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The Top Gear car review: Hyundai i40
For:An accomplished all-rounder with a broad spread of talents
Against:It's not particularly sporty. Does that matter? No
1.7 CRDi  Blue Drive Style 4dr
What we say:
Able, stylish i40 aims to take on the establishment with a blend of good looks, ability and keen pricing
What is it?
The i40 is a measure of how serious a player Hyundai is these days. Sister company Kia took a US-sourced Optima and twisted it to a European-friendly spec. Hyundai, though, went one better, by designing a car solely for us, in the country where all the leading premium saloons come from – Germany. The i40 saloon and Tourer estate are thus the result of some concerted thinking and aim to take on the Ford Mondeo at its own game – and win.
This is a genuinely competitive Hyundai, and the firm’s being duly combative with it. A bulging range of trims and engines are all bang on the money, literally and figuratively: the spec is right and CO2 is right, as Hyundai judges exactly what the market wants, and delivers it.
Although it has been developed in Germany, this is not a sporting saloon with the pent-up sportiness of, say, a BMW 3-Series. Hyundai has instead sensibly prioritised everyday comfort and riding refinement instead, meaning that it delivers a very impressive ride and stability across all surfaces. It’s genuinely one of the class greats on the motorway.
It’s no ball of fire in the guise that will sell best, the 1.7-litre CRDi. Even that’s inconsequential though, as the motor has a decent shove of torque and is smooth enough to fade into the background at speed. Sit back and enjoy the smoothness: that’s what the i40 does best.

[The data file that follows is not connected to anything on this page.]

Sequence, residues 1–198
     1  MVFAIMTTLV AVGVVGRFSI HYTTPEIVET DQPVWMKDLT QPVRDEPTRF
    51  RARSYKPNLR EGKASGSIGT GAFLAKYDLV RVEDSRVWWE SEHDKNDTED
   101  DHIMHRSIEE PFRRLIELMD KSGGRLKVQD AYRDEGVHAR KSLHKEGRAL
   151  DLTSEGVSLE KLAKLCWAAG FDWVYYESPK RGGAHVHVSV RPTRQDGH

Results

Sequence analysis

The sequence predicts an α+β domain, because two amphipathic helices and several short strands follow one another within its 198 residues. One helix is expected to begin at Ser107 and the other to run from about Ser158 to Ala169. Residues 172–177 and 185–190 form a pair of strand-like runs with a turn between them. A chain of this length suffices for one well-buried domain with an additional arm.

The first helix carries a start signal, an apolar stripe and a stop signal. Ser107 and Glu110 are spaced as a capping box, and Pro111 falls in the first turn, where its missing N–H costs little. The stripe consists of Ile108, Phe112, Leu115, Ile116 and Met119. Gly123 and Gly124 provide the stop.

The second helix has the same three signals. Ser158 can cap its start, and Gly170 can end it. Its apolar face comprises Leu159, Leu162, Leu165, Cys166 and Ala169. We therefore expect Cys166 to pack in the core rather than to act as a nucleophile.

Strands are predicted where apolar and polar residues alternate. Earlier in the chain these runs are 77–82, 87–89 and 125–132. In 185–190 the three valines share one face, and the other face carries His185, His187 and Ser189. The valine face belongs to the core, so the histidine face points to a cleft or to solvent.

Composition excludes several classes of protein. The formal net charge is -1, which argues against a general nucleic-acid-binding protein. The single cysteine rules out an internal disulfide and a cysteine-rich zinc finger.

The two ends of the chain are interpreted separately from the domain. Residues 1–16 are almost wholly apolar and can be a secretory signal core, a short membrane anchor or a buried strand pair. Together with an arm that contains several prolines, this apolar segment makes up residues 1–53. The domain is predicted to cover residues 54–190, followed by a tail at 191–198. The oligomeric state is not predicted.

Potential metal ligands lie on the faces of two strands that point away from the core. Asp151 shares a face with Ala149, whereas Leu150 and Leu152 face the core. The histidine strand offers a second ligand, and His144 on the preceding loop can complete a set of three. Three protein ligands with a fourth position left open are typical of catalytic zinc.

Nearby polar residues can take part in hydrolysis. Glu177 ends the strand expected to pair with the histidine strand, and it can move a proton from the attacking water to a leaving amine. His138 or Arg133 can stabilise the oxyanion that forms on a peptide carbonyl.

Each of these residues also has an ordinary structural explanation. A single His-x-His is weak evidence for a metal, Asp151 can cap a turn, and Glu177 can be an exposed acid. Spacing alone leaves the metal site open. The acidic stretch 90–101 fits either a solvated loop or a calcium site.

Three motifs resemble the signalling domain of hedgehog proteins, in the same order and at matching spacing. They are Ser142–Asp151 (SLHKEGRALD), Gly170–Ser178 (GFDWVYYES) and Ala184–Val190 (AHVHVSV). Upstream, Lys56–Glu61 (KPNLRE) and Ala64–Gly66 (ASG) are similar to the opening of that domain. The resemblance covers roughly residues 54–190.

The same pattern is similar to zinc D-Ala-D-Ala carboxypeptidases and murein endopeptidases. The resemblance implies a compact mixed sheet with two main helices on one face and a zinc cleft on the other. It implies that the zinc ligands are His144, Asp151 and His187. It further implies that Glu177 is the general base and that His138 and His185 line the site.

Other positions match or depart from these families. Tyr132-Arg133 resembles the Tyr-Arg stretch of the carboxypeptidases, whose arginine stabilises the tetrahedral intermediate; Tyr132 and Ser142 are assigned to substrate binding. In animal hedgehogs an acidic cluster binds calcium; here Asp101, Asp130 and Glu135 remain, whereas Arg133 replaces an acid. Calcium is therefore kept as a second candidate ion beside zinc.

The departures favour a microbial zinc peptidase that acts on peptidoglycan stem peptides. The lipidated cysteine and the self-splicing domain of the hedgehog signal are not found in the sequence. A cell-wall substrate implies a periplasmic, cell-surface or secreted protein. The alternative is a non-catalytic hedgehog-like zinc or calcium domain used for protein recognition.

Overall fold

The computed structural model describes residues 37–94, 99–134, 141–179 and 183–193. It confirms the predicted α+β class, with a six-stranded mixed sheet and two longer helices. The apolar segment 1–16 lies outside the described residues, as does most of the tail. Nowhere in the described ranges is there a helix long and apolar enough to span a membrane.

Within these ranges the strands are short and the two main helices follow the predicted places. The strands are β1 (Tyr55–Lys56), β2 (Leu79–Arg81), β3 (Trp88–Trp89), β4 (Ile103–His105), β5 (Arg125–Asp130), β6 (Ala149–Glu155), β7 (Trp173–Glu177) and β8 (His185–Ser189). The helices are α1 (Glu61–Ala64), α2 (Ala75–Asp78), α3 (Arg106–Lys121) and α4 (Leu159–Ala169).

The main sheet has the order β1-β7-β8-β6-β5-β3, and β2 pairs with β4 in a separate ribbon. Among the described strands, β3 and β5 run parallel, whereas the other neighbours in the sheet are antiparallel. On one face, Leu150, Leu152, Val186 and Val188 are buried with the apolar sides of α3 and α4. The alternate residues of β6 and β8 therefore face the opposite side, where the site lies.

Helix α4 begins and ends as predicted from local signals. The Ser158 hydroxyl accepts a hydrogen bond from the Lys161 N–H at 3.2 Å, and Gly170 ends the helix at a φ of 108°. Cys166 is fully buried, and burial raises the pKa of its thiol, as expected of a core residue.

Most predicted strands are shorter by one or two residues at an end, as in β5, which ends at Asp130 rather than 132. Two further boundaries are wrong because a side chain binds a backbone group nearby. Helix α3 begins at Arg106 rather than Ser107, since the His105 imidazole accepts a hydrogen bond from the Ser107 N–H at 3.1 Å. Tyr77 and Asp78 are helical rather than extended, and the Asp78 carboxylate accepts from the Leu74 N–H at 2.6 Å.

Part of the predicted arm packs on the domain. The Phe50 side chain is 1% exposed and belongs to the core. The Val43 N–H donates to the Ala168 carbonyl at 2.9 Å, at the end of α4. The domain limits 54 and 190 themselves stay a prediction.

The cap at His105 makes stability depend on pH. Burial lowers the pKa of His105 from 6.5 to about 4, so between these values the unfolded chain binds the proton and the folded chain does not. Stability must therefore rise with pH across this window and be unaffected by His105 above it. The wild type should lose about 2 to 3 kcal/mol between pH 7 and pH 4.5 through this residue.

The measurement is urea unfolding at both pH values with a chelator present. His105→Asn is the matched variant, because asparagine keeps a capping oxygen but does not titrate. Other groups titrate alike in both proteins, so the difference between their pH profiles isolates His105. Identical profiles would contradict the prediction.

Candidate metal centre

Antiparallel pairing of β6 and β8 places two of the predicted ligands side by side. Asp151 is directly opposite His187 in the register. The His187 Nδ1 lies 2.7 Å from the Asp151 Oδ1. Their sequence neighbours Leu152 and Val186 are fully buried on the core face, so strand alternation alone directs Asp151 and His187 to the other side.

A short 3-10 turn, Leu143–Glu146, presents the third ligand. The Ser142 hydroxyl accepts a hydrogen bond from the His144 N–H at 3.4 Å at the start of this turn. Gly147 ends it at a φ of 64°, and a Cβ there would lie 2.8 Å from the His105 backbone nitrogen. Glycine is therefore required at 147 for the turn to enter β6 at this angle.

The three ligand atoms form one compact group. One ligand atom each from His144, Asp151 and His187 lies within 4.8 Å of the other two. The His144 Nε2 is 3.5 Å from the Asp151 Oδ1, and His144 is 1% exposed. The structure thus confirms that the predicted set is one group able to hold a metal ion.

On the inside
The beaky, flowing lines and distinctive LED headlights don’t create an illusion that’s shattered when you open the door. The interior of the i40 is a great showcase of the strides upmarket Hyundai continues to make. It level-pegs the VW Passat for finish and quality, and even the basic Active feels anything but. Move up to Style and Premium and class rivals will hang their head in shame at the kit count comparisons. Being a big saloon, the boot is enormous and interior space is impressive. There’s leg-crossing space front and rear, but choose the beefier 1.7 CRDi 136 motor if you’re planning on carrying heavy loads: Hyundai doesn’t offer a more powerful 2.0-litre alternative.
Hyundai doesn’t need a five-year warranty to tell you this will never go wrong: the in-built solidity and quality of the i40 does that on its own. It still includes it as standard though, as part of a package that shows how eager Hyundai is to please its customers. With eye-opening prices starting from less than £17,500 and sub-120g/km CO2 emissions (combined with an impressive 65.7mpg average economy) also on the table, cue one duly worried range of Mondeos. And rightly so.